Anyone who has flown some large, fast and heavy WW2 models wont have a problem with a scale jets flying characteristics, they will just have to learn that you dont pull the power to idle and glide to a landing, you have to put all the stuff out and use pitch to control your speed and use power to control the descent profile. That is the hardest thing about flying jets
Sounds like you should be over on RCU with your know it all attitude and your way is the only way. I gave sound advice and yes you can learn to drive in a Mayboch or or learn to fly with an F-18 landing on a carrier. Neather would be fun and very expensive or deadly if you make a mistake. I can respect your opinion but not the attitude. I fly for fun and relaxation end of story. PS a Shockjet is a turbine powered pattern aircraft. Maybe you should fly one before you make judgments ( w/ 20+ # thrust). I personaly get bored flying race track circles with a roll thrown in here or there. I'm not a fighter jock wanabe just one who wants to help others enjoy turbines.
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Old Jun 10, 2014, 07:02 AM
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I was not going to reply to this because you have bascially answered your own quesiton here. There were no trainers so you flew what you could find which was scale, correct? I think by your own admission, it sounds like you'd have flown a trainer if you had one. As toolmaker said you can fly whatver you want to start but it might not be the best idea. Besides what do you care if you give some backwards advice to some newbie who drills a hole in a field somewhere.. you won't have to deal with that. Toolmakers advice is spot on correct.....

Anyone starting off is turbines is best off on a trainer. As for delay times, you have delay time no matter what motor you are dealing with new or old. You are just used to it.

Quote:
Originally Posted by invertmast View Post
Before all these trainer jets, you were only left with scale stuff and high performance sport jets. I know of 50+ people who started with scale jets (myself included). Was the learning curve steeper, yep, but that is part of the fun and since a shokjet offers absolutely Zero comparible flight characteristics to a scale jet, that learning curve will still be there. Then if the pilot has any varies experience with differing models in this hobby, he will likely be bored of the shokjet after a few flights.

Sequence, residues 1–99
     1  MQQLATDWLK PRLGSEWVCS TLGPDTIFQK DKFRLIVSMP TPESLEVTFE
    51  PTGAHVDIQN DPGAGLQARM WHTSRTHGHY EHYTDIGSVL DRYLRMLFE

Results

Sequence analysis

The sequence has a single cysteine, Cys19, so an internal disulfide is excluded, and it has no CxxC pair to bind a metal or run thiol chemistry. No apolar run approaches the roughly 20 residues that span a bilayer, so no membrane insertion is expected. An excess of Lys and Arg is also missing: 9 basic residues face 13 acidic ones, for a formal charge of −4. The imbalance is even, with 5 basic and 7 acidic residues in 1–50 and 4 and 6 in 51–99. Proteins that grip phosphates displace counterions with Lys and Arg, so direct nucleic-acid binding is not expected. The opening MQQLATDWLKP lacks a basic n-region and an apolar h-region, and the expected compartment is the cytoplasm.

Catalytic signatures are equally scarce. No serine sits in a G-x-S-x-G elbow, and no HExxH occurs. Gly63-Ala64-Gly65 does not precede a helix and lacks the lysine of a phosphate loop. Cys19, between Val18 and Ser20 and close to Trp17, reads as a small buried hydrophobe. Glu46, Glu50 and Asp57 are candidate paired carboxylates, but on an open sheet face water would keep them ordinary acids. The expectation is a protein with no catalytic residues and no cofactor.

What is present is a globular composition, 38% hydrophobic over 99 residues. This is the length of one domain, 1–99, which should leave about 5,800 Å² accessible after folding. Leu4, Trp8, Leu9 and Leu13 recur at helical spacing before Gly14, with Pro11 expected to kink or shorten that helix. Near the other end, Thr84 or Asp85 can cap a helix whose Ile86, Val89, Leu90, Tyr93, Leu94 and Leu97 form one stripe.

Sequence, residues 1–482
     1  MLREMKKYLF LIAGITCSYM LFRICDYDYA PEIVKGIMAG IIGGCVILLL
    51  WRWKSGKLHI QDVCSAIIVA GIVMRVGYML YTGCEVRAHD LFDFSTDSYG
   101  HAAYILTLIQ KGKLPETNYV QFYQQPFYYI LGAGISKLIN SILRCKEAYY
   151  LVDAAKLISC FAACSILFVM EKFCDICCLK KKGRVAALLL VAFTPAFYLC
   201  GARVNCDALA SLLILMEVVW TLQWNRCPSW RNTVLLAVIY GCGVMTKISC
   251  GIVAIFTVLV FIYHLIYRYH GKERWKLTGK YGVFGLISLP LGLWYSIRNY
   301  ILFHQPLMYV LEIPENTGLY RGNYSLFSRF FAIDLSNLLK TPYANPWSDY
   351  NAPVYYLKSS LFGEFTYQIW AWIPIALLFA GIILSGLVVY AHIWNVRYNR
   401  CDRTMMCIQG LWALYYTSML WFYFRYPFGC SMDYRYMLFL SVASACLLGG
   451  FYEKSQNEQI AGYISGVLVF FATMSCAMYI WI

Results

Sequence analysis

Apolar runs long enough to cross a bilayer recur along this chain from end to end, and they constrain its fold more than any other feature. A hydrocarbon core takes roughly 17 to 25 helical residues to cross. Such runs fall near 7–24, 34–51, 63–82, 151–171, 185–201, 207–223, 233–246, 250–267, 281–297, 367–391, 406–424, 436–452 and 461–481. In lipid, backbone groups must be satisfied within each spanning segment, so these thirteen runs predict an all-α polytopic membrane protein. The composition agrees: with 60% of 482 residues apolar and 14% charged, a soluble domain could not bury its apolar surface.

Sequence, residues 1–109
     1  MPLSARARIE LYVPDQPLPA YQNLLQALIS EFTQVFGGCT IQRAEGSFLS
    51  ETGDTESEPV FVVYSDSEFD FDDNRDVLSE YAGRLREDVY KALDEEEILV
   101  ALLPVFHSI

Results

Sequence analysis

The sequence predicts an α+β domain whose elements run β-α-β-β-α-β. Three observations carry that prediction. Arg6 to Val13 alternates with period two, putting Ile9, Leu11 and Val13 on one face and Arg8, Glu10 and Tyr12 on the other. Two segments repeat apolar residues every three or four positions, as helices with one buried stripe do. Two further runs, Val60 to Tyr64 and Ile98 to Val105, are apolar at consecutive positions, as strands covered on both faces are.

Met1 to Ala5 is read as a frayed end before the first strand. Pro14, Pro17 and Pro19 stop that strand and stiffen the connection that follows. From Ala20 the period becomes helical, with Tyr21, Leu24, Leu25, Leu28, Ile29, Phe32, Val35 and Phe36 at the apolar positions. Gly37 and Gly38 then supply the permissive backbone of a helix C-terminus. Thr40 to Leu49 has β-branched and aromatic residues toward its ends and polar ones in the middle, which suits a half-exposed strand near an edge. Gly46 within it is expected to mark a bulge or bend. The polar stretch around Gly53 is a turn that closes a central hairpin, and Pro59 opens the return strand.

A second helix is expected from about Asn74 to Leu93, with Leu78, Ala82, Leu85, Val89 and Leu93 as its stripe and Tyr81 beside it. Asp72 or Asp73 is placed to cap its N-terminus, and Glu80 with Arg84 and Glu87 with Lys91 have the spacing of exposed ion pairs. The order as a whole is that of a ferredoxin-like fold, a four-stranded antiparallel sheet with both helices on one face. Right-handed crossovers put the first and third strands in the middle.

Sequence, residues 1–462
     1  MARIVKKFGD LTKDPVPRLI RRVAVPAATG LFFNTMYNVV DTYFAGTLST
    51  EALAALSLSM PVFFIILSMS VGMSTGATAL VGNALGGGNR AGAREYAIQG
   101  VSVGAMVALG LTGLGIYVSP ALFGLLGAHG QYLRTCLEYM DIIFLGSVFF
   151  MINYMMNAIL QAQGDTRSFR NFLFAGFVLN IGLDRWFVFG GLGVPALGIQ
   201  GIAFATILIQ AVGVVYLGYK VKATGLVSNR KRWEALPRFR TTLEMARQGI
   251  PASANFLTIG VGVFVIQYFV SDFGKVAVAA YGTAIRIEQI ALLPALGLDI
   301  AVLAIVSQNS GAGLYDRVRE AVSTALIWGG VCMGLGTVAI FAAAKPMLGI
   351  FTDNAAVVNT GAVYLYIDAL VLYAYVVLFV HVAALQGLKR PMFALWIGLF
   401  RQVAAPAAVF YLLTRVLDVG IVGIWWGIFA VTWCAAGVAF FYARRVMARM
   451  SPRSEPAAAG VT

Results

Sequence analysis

With the newer turbines, throttle lag isnt as big a deal as it was 10-15years ago. And if you are flying a scale jet during the landing approach (Ie using pitch attitude to maintain speed and power to adjust descent angle... There is no "chopping to idle" and gliding in with real jets!) the turbine lag is nearly gone because the turbine is spooled up to 1/4-1/3 throttle depending on the model.
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Old Jun 10, 2014, 12:37 PM
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Thanks for all the input guys.

This thread was about finding a suitable trainer aircraft with a scale appearance, and that is all I was really interested in.
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Old Jun 10, 2014, 03:34 PM
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United States, TX, Katy
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Thanks Txshan - any idea which A10 it is?

Mibo A10, but I am pretty any A10 lands just as slow
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Old Jun 10, 2014, 05:51 PM
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Mibo A10, but I am pretty any A10 lands just as slow
Thanks
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Old Jun 11, 2014, 09:33 AM
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Lockport NY
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Originally Posted by Stephen73 View Post
Thanks for all the input guys.

This thread was about finding a suitable trainer aircraft with a scale appearance, and that is all I was really interested in.
I would suggest the Turbinator it can be done up as Zirolli pictured or in navy blue to look like a Cheeta. I thought that you were interested in an inexpensive first aircraft? A twin boom aircraft of any type looks to me like a trainer except the Vampire (not cheapest approuch).
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Old Jun 11, 2014, 12:20 PM
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I would suggest the Turbinator it can be done up as Zirolli pictured or in navy blue to look like a Cheeta. I thought that you were interested in an inexpensive first aircraft? A twin boom aircraft of any type looks to me like a trainer except the Vampire (not cheapest approuch).
Thanks for that.